TL;DR: In response to criticism about its accounting processes, popular payments platform Square confirmed it is discontinuing the practice of Adjusted Revenue Reporting (ARR) in future financial disclosures to regulators and shareholders.
Square Discontinues Favorable Adjusted Bitcoin-Involved Accounting
“We will discontinue use of the Adjusted Revenue measure,” Square revealed in a question and answer published document, “following the third quarter of 2019. Following receipt of a comment letter from, and subsequent communications with, the Division of Corporation Finance of the Securities and Exchange Commission (the ‘SEC’), we will discontinue the use of the Adjusted Revenue measure based on the SEC’s evolving position with respect to non-GAAP performance measures.”
GAAP refers to the SEC’s Generally Accepted Accounting Principles, a standardization in place since 2008. It’s an effort to regularize often creative metrics produced by companies looking to seek even the slightest advantage. That works for a while, but when serious investors want an apples-to-apples comparison, non-GAAP interjections can be a turnoff and borderline illegal.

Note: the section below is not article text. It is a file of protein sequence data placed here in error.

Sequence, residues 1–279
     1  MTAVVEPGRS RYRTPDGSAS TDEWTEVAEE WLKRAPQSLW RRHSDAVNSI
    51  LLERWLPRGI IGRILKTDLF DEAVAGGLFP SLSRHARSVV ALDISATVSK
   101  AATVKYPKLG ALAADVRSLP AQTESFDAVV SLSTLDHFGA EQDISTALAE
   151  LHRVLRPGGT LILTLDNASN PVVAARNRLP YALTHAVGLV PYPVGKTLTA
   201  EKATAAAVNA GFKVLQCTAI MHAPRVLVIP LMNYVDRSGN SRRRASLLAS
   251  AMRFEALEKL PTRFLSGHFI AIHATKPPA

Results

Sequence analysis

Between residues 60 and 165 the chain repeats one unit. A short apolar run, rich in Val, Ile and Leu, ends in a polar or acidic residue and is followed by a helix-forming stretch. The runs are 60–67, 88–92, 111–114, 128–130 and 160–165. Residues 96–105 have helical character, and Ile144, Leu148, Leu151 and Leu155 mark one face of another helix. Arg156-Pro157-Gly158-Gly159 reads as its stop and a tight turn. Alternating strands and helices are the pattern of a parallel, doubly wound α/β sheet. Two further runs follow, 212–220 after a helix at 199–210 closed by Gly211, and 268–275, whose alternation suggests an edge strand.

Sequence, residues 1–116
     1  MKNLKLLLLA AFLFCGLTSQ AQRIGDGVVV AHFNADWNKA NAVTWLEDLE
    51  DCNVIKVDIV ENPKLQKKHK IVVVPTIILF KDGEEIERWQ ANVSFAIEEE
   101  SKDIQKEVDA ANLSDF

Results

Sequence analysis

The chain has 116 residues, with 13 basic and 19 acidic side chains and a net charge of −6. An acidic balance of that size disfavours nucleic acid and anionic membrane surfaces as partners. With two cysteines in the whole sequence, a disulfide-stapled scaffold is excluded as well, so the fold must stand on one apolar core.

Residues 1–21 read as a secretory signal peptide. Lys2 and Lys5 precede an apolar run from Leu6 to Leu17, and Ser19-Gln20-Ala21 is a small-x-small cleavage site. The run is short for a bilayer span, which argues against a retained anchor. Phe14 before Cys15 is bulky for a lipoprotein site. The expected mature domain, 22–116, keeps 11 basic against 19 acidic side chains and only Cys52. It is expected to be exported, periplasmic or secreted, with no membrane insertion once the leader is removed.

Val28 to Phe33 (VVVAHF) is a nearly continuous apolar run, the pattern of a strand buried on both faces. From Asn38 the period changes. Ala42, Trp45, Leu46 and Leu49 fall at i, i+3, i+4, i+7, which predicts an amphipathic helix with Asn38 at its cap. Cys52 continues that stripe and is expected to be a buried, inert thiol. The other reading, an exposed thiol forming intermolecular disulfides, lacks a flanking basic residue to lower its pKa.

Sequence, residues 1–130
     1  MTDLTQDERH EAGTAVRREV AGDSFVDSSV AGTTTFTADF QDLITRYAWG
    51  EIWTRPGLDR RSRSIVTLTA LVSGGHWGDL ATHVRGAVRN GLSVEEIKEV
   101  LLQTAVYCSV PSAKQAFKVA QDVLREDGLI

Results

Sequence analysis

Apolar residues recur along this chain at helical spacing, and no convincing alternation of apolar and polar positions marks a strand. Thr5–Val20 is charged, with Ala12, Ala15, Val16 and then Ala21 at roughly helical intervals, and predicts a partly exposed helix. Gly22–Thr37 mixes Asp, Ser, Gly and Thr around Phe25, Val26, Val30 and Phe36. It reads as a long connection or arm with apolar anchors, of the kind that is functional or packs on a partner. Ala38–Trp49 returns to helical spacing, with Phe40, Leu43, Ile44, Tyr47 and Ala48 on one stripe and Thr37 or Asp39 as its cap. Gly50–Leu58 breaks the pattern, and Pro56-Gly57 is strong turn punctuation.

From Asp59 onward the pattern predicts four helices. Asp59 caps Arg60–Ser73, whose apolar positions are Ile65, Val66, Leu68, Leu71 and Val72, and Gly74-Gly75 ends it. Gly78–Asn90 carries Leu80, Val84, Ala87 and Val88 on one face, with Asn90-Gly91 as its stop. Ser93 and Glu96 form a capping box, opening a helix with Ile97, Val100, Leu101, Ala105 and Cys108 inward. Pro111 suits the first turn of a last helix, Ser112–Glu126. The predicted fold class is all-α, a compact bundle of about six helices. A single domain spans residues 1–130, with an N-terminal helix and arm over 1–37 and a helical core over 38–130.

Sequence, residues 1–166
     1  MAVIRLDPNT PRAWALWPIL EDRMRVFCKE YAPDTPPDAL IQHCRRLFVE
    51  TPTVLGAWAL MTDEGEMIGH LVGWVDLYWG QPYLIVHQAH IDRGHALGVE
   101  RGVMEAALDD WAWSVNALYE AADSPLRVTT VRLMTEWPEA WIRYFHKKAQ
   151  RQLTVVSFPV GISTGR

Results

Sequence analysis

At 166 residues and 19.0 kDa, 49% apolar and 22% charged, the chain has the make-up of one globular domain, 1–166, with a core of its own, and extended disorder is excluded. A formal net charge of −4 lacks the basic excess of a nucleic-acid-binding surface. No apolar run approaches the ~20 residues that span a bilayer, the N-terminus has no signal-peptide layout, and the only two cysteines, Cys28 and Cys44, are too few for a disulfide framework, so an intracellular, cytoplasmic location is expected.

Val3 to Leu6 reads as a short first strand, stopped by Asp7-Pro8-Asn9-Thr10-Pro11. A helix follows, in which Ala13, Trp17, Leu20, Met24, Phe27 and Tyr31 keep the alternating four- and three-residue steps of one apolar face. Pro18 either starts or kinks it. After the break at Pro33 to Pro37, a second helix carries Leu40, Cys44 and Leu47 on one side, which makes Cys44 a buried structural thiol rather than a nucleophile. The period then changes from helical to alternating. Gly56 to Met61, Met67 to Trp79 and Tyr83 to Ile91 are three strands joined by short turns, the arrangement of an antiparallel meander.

Square, Inc. was founded nearly a decade ago in part by Twitter co-founder Jack Dorsey, and operates a basket of financial services geared around an iconic mobile payment hardware, point-of-sale (PoS) system. Class A shares trade on the New York Stock Exchange (NYSE), and its 2018 revenue topped more than $3 billion. It also prides itself on the Cash App, which began facilitating bitcoin trading at the beginning of 2018.
Since going public, Square used ARR, and its numbers have been rather stellar. A change from that method of accounting means ceasing in the practice of subtracting transaction-based and bitcoin-related costs from total revenue, … only to add back deferred revenue. The ARR idea, Square claimed, was to give a better sense of the business when, say, a retailer like Starbucks no longer uses their PoS.
“However,” a financial analyst at Motley fool explained, “Square continued to use the adjusted revenue figure after it lapped the end of the Starbucks partnership, and it gradually evolved from its ‘revenue without Starbucks’ into its current, more convoluted definition,” which might be viewed as cooking the books. What it will do, according to the SEC, is bring heat — non-GAAP revenue is often flagged, and that’s never a good sign for a public company.
Without assigning anything necessarily nefarious to Square, the Motley Fool characterized the usage of ARR “after its divorce from Starbucks was highly unusual. Its rival PayPal only reports one set of revenue, even as it faces the gradual loss of its longtime customer eBay to its European rival Adyen.” The company admitted scrapping ARR going forward means it “expects that deceleration to continue in the fourth quarter,” perhaps preparing investors for different, less rosy results in the future.
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